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It is well established that the overt rhythms of all behavioral variables studied to date, including sleep organization and propensity, subjective alertness, cognitive performance and short-term memory have an endogenous circadian component and an evoked (e.g., sleep--wake-dependent) component. For all these parameters, the values reach their lowest point at a circadian phase corresponding to the nadir of the endogenous circadian temperature cycle. Similarly, scores are maximal at a circadian phase coinciding with the plateau phase of the endogenous circadian temperature cycle. These results suggest that an endogenous circadian pacemaker, presumably located in the suprachiasmatic nucleus of the hypothalamus, is a determinant of observed daily variations in these variables. This notion is further supported by reports that, after phase shifts induced by exposure to bright or moderately bright light, the circadian rhythms of subjective alertness and cognitive performance maintain similar temporal relations to other reliable circadian markers. Moreover, experimental manipulation of the timing of the sleep--wake cycle in healthy volunteers revealed that sleep latency, sleep efficiency and REM sleep propensity depend mainly on circadian phase, whereas the amount of SWS and slow-wave activity (SWA) depend mainly on the duration of prior waking. SWS is the amount of Stage 3 and Stage 4 sleep measured by visual inspection based on a standardized scoring method, whereas SWA is the power density in the slow range (0.75-4.5 Hz) determined digitally via a Fast Fourier transformation of the electroencephalograph (EEG) signal. Bright light exposure early in the morning can advance the time of appearance of REM sleep periods and reduce the duration of sleep episodes, whereas bright light exposure late in the evening can increase sleep latency and delay the appearance of REM sleep. These results are consistent with a phase shift in the underlying endogenous circadian pacemaker that modulates these sleep parameters.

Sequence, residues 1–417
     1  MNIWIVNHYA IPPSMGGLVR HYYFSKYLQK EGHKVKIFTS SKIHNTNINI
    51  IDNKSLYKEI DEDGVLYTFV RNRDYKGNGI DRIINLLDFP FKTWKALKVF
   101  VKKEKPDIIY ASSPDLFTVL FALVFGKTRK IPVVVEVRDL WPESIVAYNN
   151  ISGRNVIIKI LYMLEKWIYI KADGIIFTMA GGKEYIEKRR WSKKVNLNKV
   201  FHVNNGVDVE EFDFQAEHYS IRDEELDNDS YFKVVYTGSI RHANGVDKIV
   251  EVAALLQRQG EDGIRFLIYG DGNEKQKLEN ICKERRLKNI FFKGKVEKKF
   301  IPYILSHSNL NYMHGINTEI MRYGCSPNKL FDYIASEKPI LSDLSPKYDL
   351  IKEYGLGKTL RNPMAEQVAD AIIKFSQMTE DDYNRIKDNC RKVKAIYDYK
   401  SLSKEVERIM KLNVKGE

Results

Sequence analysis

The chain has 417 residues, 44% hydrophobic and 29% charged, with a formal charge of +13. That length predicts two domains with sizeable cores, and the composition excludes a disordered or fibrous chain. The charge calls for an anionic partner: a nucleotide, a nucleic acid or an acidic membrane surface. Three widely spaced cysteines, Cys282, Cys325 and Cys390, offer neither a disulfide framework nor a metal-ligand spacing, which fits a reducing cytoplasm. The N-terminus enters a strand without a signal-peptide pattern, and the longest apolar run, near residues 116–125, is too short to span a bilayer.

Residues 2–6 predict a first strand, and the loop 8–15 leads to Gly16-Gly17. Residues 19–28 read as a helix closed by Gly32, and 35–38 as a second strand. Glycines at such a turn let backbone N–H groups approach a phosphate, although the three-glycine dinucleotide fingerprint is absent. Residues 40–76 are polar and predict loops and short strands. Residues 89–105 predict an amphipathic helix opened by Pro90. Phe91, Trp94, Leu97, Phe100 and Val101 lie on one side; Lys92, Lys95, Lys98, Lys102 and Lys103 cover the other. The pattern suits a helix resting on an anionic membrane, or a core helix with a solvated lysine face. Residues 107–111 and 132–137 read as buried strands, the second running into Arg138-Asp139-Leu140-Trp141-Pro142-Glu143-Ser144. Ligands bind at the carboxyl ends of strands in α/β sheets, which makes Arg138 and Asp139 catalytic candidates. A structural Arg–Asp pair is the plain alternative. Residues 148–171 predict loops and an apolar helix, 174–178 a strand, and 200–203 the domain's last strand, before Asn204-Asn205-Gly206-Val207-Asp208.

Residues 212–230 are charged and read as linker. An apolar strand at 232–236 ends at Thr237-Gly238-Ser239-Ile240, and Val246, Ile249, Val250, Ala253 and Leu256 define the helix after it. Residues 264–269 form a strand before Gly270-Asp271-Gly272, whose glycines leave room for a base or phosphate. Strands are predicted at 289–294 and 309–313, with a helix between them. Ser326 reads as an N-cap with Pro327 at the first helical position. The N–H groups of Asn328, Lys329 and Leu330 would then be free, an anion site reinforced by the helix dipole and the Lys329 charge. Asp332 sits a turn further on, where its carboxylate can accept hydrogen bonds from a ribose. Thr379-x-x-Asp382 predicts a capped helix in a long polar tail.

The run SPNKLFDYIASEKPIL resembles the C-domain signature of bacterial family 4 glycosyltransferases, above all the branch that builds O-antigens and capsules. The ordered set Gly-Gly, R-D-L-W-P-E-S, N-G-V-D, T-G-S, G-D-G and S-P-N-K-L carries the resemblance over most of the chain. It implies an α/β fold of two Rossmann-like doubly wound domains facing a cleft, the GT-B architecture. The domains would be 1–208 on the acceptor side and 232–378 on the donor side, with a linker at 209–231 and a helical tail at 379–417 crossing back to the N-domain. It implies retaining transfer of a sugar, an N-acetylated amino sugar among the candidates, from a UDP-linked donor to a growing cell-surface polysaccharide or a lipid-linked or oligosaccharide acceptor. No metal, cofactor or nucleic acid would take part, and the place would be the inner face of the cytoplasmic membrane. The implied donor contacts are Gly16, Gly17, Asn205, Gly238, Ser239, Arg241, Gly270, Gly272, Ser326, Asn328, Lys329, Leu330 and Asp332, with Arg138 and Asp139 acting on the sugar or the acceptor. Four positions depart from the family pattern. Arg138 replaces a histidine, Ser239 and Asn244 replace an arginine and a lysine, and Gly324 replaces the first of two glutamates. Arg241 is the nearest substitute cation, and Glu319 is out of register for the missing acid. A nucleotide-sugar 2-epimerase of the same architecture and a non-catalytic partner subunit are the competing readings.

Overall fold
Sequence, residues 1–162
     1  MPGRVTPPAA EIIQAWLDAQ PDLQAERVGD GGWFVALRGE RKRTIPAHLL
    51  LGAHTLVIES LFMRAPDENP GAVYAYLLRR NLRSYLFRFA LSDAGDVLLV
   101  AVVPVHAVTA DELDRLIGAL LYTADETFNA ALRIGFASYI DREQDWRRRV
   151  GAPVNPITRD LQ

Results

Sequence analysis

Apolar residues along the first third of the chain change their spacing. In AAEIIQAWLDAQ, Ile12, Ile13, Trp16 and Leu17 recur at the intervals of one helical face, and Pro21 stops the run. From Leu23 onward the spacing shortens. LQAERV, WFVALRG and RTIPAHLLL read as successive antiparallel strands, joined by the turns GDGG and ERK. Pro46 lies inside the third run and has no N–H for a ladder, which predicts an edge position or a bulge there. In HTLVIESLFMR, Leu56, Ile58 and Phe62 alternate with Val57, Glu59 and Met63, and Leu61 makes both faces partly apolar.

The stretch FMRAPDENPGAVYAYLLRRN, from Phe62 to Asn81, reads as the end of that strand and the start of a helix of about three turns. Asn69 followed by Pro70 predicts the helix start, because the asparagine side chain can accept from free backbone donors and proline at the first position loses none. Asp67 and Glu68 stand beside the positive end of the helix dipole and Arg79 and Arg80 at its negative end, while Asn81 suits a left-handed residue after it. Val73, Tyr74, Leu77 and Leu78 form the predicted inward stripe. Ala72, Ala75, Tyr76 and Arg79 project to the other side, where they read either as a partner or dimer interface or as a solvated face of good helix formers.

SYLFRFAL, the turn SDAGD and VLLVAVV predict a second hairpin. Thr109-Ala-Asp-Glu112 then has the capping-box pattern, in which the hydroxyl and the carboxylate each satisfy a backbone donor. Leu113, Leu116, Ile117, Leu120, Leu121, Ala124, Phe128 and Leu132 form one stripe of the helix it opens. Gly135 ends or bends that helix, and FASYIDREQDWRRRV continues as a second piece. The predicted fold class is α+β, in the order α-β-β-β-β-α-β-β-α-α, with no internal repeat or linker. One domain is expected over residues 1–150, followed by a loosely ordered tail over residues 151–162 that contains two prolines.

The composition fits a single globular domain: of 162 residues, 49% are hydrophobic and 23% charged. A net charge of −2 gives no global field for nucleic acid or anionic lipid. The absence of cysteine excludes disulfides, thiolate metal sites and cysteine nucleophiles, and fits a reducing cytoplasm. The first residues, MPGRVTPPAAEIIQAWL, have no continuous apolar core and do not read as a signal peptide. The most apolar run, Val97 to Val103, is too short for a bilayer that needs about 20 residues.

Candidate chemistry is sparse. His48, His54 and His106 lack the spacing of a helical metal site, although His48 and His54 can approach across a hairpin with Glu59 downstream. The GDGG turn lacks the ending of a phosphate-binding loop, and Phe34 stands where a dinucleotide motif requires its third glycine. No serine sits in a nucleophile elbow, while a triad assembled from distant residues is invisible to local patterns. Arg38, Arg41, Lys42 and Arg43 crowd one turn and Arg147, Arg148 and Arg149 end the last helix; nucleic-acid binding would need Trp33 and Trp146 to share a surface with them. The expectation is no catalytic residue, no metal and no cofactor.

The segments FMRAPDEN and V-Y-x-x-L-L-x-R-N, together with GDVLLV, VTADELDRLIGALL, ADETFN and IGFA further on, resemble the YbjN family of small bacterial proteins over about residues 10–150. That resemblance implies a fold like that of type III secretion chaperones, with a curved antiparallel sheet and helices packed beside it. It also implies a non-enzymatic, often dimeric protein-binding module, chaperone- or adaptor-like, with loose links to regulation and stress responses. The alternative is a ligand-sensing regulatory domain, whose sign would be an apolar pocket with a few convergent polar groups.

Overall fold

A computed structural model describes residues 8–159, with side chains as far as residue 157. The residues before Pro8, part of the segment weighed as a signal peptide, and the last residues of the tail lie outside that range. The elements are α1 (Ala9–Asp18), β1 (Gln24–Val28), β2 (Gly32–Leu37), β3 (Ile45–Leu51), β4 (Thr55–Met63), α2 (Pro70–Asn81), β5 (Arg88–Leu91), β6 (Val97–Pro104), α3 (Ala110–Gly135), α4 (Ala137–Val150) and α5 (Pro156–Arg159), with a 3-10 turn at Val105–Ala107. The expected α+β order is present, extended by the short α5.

Several groups have reported evidence that these processes may also modulate mood in healthy individuals. For instance, a diurnal variation in subjective measures of mood in healthy volunteers has been reported. Monk et al, using the constant routine protocol, reported that subjective measures of mood reached their lowest values close to the minimum of the core body temperature cycle. However, sleep deprivation itself has been shown to result in a deterioration of mood in healthy subjects, and sleep deprivation is an unavoidable limitation of the constant routine procedure. Totterdell et al and Taub et al reported, in sleep displacement studies, that the timing of sleep had a significant impact on daily mean values of mood in healthy volunteers. However, in these earlier studies, the effects of extended wakefulness and circadian phase remained confounded. Given the deterioration of subjective mood rating with sleep deprivation in healthy subjects, an experimental protocol that separates the relative influences of time elapsed since awakening from circadian phase must be used to measure this interaction. In a recent collaborative research project, we used a "forced desynchrony protocol," which is adapted from the pioneering studies by Kleitman and Kleitman. In this study, 24 healthy young subjects (16 male, 8 female) spent between 19 and 33 days on a 28-hour or 30-hour sleep--wake schedule. Because entrainment of the endogenous circadian pacemaker to days much longer than 24 hours is not possible, these conditions induce desynchrony between the circadian timing system (which continues to oscillate according to its nearly 24-hour intrinsic period) and the imposed sleep--wake cycle. Subjective mood could then be assessed at a variety of circadian phases and times since waking. Subjective mood was assessed by 2 types of visual analogue scale administered either twice every 2 hours or 3 times per hour throughout all waking episodes. In the laboratory, subjects lived individually or in groups of 2 or 3 without knowledge of the time of day for several consecutive weeks. They maintained social contacts with staff members trained to avoid communicating the time of day and the nature of the experimental conditions.